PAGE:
COUNCIL’S 3 MINUTES
By: Tamara Paltin
Published in the Maui News September 28, 2019
The County Council’s Planning and Sustainable Land Use Committee, which I chair, has been charged by the council with promoting sustainable land use and growth management in our county.
To that end, the committee has been focusing on strengthening regulation and enforcement on transient accommodations.
In August, the committee held a meeting in Paia to discuss short-term rental homes in the Paia-Haiku Community Plan Area. The issue at hand was that the community plan did not allow short-term rental homes in the community plan area, while the Maui County Code did.
The committee considered bills to reconcile the differences between the two laws. After listening to testifiers, the committee discussed and ultimately recommended the council pass two bills.
The first amends the Paia-Haiku Community Plan to allow short-term rental homes in the area. However, the homes cannot be located within the coastal region designated as the special management area.
The second bill amends the county code to also ban short-term rental homes in the SMA. The bill also sets the maximum number of allowed short-term rental homes in the community plan area to 55.
These bills have since gone into effect as Ordinances 4994 and 4995, respectively.
While the council will continue its work on regulating legal transient accommodations, it must also explore ways to increase enforcement of illegal ones.
The people of Maui County sent a strong message to these illegal operations last election. The electorate voted in favor of amending our county charter to allow initial fines of $20,000 and subsequent daily fines of $10,000 on those who operate transient accommodations without necessary permits.
The charter amendment was just the first step in this process. For the fines to go into effect, the county code needed to be amended.
Earlier this month, the committee took up a bill to do just that. Bill 49 (2019) is now before the full council for its second and final reading.
The Department of Planning also shared with the committee what it is doing on its end to identify and shut down illegal transient accommodations. They have been coordinating with their contractor, LODGINGREVS, to identify these illegal rentals and enforce our laws accordingly.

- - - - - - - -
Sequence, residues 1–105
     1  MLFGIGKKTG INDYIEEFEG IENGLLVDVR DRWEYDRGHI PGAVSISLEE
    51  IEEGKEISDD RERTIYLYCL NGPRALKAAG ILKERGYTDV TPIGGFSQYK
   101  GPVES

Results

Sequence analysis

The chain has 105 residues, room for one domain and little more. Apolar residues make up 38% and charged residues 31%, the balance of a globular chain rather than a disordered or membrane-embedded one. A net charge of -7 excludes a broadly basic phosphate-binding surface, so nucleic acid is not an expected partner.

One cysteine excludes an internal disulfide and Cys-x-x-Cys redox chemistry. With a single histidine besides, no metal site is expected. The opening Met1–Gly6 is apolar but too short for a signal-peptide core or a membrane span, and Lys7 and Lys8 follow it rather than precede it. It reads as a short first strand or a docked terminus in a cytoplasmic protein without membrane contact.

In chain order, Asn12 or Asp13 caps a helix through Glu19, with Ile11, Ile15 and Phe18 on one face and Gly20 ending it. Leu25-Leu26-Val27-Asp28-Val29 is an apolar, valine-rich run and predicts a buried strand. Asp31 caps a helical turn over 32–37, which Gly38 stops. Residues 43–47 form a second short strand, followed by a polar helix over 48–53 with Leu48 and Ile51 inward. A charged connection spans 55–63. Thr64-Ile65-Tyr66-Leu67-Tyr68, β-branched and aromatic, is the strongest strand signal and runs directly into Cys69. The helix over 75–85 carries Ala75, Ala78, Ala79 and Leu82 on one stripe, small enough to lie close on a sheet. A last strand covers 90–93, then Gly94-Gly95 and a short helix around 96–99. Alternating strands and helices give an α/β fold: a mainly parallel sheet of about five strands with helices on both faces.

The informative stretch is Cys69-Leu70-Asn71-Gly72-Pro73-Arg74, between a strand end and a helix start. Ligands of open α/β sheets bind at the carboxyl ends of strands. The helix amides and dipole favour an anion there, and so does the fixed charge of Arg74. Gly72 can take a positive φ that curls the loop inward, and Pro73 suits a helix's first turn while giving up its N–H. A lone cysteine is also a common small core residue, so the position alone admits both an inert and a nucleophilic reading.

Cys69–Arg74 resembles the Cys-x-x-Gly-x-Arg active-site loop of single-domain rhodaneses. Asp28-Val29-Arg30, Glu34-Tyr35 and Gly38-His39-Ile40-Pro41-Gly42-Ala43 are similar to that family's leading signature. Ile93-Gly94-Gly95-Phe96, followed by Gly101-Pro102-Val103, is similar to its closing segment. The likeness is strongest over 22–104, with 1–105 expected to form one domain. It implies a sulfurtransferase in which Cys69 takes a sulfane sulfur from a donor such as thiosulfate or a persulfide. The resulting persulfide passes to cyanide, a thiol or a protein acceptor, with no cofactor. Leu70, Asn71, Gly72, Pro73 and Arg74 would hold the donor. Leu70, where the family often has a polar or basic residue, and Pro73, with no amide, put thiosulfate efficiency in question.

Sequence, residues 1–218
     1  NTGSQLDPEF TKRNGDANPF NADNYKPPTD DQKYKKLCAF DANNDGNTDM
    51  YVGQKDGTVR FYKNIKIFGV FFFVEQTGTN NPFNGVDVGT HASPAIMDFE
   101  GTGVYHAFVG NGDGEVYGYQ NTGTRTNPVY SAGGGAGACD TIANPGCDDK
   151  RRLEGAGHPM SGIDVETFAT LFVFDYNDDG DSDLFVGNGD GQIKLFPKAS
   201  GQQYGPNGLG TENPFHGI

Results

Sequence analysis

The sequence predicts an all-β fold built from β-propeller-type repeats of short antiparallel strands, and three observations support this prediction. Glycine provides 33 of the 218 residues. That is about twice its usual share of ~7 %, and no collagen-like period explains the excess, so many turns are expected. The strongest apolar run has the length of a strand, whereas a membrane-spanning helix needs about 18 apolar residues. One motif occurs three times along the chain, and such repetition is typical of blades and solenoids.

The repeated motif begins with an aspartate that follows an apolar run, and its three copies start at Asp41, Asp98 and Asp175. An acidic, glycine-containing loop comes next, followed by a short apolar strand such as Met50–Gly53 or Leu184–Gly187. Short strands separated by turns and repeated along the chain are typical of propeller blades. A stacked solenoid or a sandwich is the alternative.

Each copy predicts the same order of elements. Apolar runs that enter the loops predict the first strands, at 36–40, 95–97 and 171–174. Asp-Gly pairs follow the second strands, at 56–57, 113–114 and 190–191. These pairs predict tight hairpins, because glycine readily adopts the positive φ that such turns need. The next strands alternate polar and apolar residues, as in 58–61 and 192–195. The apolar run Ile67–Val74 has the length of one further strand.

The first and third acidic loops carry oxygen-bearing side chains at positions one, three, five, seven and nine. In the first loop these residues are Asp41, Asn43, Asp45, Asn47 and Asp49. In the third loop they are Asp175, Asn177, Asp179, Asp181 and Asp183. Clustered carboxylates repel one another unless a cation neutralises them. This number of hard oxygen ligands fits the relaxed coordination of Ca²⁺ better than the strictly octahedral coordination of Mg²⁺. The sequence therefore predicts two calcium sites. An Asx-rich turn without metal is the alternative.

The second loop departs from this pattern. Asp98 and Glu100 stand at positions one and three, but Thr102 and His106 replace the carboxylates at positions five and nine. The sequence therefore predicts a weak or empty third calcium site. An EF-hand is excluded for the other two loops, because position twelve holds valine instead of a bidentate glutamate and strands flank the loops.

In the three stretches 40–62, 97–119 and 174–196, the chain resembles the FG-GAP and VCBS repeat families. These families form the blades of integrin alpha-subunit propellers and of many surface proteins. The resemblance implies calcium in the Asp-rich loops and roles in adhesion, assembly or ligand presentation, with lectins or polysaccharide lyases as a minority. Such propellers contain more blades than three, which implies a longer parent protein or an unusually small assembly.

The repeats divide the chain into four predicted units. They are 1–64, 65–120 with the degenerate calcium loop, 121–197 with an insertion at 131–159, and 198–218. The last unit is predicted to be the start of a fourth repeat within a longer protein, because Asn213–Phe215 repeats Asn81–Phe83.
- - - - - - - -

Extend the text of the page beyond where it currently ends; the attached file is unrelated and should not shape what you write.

We are also exploring other avenues to improve enforcement. For example, our laws focus on the operators. However, local governments in San Francisco and New York have approached the issue by creating laws to regulate online hosting platforms such as Airbnb and VRBO.
These companies allow people to list their properties as short-term rental homes without ensuring these operators are complying with state and county laws.
If we can create laws to stop this practice, then illegal operators would have a far more difficult time advertising to potential customers.
The state Legislature considered a measure to accomplish this during their past legislative session, but it did not pass. The county governments are now working to see if we can take the initiative and pass laws ourselves.
Regulating transient accommodations is key to the sustainability of our county, and other counties are thinking the same way.
At a recent Environmental, Agricultural and Cultural Preservation Committee meeting, the committee received a presentation from Josh Stanbro, the chief resilience officer and executive director of Honolulu’s Office of Climate Change, Sustainability and Resiliency.
At the meeting, Stanbro made a point that affordable housing should be a goal for sustainability, and one way to support housing is to return illegal transient accommodations to local housing.
He also stressed the importance of community cohesion. Having transient accommodations can make neighborhoods less cohesive and could put both visitors and residents in tough situations during natural disasters.
The council’s work on this issue will continue, and my committee will continue to do what it can. As legislation comes up, I welcome the community to testify at our meetings or to submit written testimony to PSLU.Committee@mauicounty.us.
* Tamara Paltin is chairwoman of the council’s Planning and Sustainable Land Use Committee. She holds the council seat for the West Maui residency area. “Council’s 3 Minutes” is a column to explain the latest news on county legislative matters. Go to mauicounty.us for more information.